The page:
A practical approximation of Abbe’s resolution limit allows empirically measuring the resolution of a fluorescence microscope. If you image a fluorescent bead, you can measure the full width of its PSF central peak at half the maximum intensity (FWHM, Figure 4). Measuring resolution of a microscope is a topic for another article.

2 Abbe, E. 1873. Beiträge zur Theorie des Mikroskops und der mikroskopischen Wahrnehmung. Archiv für Mikroskopische Anatomie 9:413–468.

Figure 4.

FWHM resolution
FWHM: Full width of a PSF's central peak at half the maximum intensity

The full width of the PSF at half its maximum is a common estimator for the resolution.

\(d=0.50\frac{\lambda }{\textrm{NA}}\)

So that’s it? d can’t get smaller?

Abbe’s resolution or diffraction limit is fundamentally unassailable. Sure, you could look to use objectives of larger numerical aperture and higher frequency light. But unfortunately, the numerical aperture of modern fluorescence microscopes is at a practical maximum (about 1.4 for oil immersion objectives) and using ultraviolet or x-ray light damages specimens. That means that there is nothing we can do to our microscope system to reduce d any further. But there’s a second player in the generation of an image: the fluorophore. Manipulating the on/off states of fluorophores is another lever we can use to shrink d and thus, a workaround that modifies our approximation of the resolution limit by adding a third parameter.

\(d\approx 0.50\frac{\lambda }{\textrm{NA}}\cdot \textrm{workaround}\)

Stimulated Emission Depletion (STED) microscopy is one example. In STED, the excitation laser beam used to trigger fluorophore emission is superimposed with a second, donut-shaped de-excitation beam that suppresses that excitation. As a result, only fluorophores at the center of the donut-shaped beam are allowed to fluoresce. Increasing the light intensity of the de-excitation beam constricts the area in which fluorophores are allowed to fluoresce to a substantially smaller diameter than Abbe’s diffraction limit (roughly 200 nm). In this way, fluorophores can be much closer to one another and still be discriminated by the microscope.

The intensity of the de-excitation light is part of the “workaround” parameter here and can be used to approximate the diameter of the narrowed area of fluorescence based on the response of the fluorophores to the de-excitation light. Integrating that approximation into our measure of resolution:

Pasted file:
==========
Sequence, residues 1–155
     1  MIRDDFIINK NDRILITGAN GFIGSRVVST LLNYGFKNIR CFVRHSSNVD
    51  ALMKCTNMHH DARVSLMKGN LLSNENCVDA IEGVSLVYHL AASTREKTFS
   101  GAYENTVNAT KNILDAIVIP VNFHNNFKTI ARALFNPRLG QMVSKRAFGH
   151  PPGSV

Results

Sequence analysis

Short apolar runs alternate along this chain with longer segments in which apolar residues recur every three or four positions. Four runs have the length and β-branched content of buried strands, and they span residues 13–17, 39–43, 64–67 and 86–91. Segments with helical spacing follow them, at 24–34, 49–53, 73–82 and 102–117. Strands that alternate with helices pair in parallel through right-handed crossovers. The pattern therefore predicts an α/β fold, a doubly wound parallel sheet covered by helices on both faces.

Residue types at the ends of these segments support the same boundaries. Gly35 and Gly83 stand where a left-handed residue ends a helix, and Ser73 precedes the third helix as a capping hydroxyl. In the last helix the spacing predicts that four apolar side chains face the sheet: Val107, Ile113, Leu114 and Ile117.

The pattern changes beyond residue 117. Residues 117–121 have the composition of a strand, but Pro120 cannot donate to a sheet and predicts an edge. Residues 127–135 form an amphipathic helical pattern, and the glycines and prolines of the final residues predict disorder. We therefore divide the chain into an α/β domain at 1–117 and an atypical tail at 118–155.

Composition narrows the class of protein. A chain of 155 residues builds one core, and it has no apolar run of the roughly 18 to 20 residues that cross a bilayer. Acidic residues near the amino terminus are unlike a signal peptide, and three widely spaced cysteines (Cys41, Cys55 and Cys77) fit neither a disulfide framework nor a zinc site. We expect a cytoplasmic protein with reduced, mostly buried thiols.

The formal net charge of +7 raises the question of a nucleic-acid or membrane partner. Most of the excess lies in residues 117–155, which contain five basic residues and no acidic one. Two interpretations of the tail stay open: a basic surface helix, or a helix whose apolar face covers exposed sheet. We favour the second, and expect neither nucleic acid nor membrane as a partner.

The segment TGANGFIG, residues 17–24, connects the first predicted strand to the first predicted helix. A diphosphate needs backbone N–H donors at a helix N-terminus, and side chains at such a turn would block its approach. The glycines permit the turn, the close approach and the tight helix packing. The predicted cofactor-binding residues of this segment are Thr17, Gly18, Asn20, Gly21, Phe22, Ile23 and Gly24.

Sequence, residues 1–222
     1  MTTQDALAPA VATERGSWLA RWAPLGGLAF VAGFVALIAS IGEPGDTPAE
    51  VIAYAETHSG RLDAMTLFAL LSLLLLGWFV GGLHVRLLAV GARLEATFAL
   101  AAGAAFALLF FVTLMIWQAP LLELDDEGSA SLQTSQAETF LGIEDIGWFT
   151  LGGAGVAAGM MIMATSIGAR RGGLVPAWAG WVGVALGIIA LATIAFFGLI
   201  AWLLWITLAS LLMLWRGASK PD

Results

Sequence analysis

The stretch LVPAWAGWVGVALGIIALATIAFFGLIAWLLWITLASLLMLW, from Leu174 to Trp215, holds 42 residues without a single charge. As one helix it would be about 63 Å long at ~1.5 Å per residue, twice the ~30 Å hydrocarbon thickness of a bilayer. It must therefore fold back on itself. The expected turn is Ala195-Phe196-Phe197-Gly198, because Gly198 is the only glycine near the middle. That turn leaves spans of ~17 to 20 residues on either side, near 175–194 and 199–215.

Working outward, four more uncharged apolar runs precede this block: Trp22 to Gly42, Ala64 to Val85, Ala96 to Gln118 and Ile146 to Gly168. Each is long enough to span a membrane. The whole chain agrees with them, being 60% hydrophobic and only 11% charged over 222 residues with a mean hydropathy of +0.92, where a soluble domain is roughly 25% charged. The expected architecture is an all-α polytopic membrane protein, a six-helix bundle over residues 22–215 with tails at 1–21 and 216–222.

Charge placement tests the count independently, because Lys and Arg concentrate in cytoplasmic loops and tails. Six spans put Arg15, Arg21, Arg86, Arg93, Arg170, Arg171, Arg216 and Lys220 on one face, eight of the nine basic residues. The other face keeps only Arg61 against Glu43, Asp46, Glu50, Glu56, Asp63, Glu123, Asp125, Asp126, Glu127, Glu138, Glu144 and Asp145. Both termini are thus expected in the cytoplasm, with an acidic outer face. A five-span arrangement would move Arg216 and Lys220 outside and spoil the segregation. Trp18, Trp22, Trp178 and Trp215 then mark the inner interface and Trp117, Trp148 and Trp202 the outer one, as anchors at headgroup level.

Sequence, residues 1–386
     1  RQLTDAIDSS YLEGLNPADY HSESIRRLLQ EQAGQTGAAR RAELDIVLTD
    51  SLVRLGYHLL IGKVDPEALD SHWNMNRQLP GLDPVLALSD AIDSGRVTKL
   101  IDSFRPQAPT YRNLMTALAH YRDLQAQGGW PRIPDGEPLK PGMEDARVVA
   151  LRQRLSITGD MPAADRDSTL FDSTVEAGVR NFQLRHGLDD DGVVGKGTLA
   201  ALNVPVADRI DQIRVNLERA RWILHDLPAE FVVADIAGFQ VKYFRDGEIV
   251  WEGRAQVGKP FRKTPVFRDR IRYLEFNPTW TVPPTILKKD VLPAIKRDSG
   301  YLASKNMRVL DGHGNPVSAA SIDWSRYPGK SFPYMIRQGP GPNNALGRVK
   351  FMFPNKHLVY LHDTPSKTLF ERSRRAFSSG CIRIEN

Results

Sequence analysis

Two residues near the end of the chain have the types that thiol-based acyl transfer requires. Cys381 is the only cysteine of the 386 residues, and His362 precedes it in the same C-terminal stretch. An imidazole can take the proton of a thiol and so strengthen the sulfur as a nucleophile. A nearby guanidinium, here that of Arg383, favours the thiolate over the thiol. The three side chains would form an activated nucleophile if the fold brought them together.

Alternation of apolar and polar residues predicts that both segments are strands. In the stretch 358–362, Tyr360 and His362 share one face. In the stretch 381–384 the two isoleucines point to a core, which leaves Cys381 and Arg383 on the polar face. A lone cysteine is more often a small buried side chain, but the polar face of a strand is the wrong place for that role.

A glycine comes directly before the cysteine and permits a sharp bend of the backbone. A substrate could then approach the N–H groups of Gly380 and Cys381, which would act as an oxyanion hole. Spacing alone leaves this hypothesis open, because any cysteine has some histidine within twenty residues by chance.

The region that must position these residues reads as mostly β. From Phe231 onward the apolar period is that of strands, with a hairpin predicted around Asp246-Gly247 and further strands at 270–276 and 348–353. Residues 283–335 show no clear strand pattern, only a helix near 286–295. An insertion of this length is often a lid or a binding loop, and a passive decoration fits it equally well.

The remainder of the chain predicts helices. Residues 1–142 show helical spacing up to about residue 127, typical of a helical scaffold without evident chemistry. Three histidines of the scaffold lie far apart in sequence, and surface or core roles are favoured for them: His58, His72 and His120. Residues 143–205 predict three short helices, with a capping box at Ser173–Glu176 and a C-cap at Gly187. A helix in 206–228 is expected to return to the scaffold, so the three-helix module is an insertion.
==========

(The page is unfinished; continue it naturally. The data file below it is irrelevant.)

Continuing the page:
\(d\approx 0.50\frac{\lambda }{\textrm{NA}}\cdot \frac{1}{\sqrt{1+\frac{I}{I_{sat}}}}\)

where Isat is a fluorophore-dependent constant representing the light intensity at which the emission of a fluorophore is reduced by half, and I is the adjustable intensity of the de-excitation beam.3 Increasing I makes the denominator larger and thus, shrinks d. Theoretically, d can become infinitesimally small.

Note that the PSFs of both the excitation and the de-excitation light beams are still diffraction-limited. We cannot make them smaller. However, their interplay with fluorophore states cracks the diffraction barrier.

Another example of this workaround is Single-Molecule Localization Microscopy (SMLM). SMLM includes a mechanism that ensures that at any given time, only a few, sparsely distributed, non-overlapping fluorophores of a specimen are in a state where they can fluoresce. A “snapshot” of those fluorophores is made. Then a new subset of fluorophores enters a fluorescent state and another “snapshot” is created. A complete image is constructed from multiple “snapshots”, each of a different random constellation of fluorophores.

Localizing each fluorophore in each snapshot is how the resolution limit is surpassed. The number of photons emitted and detected from a single fluorophore follows a distribution centered on the likely location of the fluorophore. Thus, if enough photons are detected, the likely location of the fluorophore can be narrowed down to an area significantly smaller than the PSF. And there it is: the new “workaround” parameter is the number of emitted photons. Including that likelihood in our measure of resolution looks like this:

\(d\approx 0.50\frac{\lambda }{\textrm{NA}}\cdot \frac{1}{\sqrt{N_{e}}}\)

where Ne is the average number of emitted photons per fluorophore. The more emission photons detected, the larger the denominator and thus, the smaller d becomes. Like with STED, d could theoretically become infinitesimally small.

3 Harke, B. et al. 2008. Resolution scaling in STED microscopy. Opt. Express 16: 4228–4244.

Too much of a good thing

STED and SMLM either shine lots of light on a specimen or capture lots of light from a specimen to manipulate the on/off states of fluorophores and thus, overcome the blur of the PSF. And although both can theoretically improve resolution infinitely, their “workarounds” are precisely what limits their resolving power. MINFLUX, a next-generation superresolution technology that achieves resolution in the single-digit nanometer scale, avoids that limit altogether by completely revamping fluorophore localization. But that too is a topic for another article.

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How the donut changed the world

Nobel laureate Stefan W. Hell shows a donut, the symbol for his groundbreaking idea of a donut-shaped laser beam.

For over a century, we stood at the edge of microscope resolution and cursed the inexorable blur of diffracted light. Instruments improved, but the fog never lifted. Then, one man stopped trying to control how light behaves. Armed with a donut-shaped laser beam, he instead commanded where it shines and untethered resolution forever.

STEDYCON: ease-of-use in a shoebox

How fits a superresolution microscope in a shoebox?

A sleek, black-and-orange box transforms your widefield microscope into a confocal and a superresolution STED instrument and your exploration of subcellular structures into a seamless, discovery-rich experience. Carefully designed with masterly engineering, STEDYCON breaks the stereotype of the finicky, hard-to-use scope. It opens new possibilities at the press of a button for any user and almost any location. How does it do it? The secret’s in the box.

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2-color STED image of a living cell labeled with abberior dyes, LIVE 610 tubulin and LIVE 550 click